OTTAWA (Bloomberg) -- The Canadian government is pledging unspecified “enforcement action” if Volkswagen cars sold in the country used pollution-masking technology.
The company, which is growing in Canada and holds a 3.9 percent market share, is now under investigation by Environment Canada, department spokesman Mark Johnson said. The agency is working with the U.S. Environmental Protection Agency and the company to investigate claims the automaker used “defeat device” software to mask vehicle emissions.
“Defeat devices are prohibited under Canadian regulations. If violations to Canadian regulations are found, enforcement action will be taken,” Johnson said in an email Tuesday.
Volkswagen had a record month in Canada in August, the company said, and its sales were up 5.6 percent from the same month a year earlier, data from Desrosiers Automotive show. Volkswagen is the eighth-ranked vehicle retailer by sales volume, with 50,418 units sold so far in 2015, 13 percent ahead of its pace in 2014. It does not operate an assembly plant in Canada.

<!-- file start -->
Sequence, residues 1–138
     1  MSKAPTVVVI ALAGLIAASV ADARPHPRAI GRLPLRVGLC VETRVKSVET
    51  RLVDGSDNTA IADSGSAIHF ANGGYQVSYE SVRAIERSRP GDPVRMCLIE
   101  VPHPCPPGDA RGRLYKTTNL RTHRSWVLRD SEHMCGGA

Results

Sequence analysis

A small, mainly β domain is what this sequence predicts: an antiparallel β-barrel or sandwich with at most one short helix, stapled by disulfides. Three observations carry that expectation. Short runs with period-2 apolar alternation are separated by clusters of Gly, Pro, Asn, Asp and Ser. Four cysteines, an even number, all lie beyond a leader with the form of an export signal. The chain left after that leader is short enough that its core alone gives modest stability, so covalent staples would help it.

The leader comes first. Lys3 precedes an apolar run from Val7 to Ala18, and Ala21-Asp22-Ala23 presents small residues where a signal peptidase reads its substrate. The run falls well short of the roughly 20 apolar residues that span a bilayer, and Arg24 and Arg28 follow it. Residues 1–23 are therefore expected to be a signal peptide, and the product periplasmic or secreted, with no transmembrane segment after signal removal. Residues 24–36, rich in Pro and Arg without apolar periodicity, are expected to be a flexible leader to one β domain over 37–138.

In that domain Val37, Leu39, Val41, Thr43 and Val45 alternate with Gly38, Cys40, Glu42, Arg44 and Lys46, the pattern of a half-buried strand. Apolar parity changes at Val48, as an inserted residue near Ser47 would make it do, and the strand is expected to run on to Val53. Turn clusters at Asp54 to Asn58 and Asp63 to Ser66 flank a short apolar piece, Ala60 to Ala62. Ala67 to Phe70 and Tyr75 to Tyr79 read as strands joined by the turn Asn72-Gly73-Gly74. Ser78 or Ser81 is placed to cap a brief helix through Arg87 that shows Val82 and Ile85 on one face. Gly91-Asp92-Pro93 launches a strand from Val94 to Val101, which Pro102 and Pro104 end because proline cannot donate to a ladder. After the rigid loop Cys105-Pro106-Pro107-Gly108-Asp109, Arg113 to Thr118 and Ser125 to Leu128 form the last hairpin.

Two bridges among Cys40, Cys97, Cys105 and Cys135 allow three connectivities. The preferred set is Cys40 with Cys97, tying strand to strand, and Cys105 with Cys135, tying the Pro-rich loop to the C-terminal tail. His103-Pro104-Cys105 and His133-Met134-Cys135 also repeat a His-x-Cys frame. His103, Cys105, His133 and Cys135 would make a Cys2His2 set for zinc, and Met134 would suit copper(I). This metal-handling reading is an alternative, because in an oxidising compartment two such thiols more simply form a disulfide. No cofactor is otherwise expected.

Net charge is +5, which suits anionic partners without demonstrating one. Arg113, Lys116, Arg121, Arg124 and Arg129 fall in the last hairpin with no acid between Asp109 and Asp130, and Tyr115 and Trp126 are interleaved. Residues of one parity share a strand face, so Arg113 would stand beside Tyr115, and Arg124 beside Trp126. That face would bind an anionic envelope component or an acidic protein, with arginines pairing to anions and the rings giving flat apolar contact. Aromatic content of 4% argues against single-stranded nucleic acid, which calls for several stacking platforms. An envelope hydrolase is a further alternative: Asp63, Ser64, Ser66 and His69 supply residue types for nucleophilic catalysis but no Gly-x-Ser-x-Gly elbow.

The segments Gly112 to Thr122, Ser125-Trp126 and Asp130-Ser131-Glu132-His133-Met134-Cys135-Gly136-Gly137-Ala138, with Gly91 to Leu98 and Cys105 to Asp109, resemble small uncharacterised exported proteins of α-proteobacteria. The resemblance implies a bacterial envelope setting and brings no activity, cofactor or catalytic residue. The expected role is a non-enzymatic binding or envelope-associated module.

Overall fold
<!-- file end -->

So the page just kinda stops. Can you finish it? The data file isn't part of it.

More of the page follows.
Canada aligns its emissions standards for new cars with the U.S., Johnson said. The investigation is ongoing and “it would be inappropriate to comment further,” he said. “Car owners should know that the effectiveness of a vehicle’s air pollutant control devices is not a safety issue.”
The country’s Environmental Protection Act allows major corporations to be fined up to $6 million Canadian ($4.5 million) for a first offense, and up to $12 million Canadian for subsequent offenses.
Environment Canada “acted quickly to examine potential implications” after learning of the issue, Johnson said.
Requests for comment from Volkswagen Canada weren’t immediately returned Tuesday.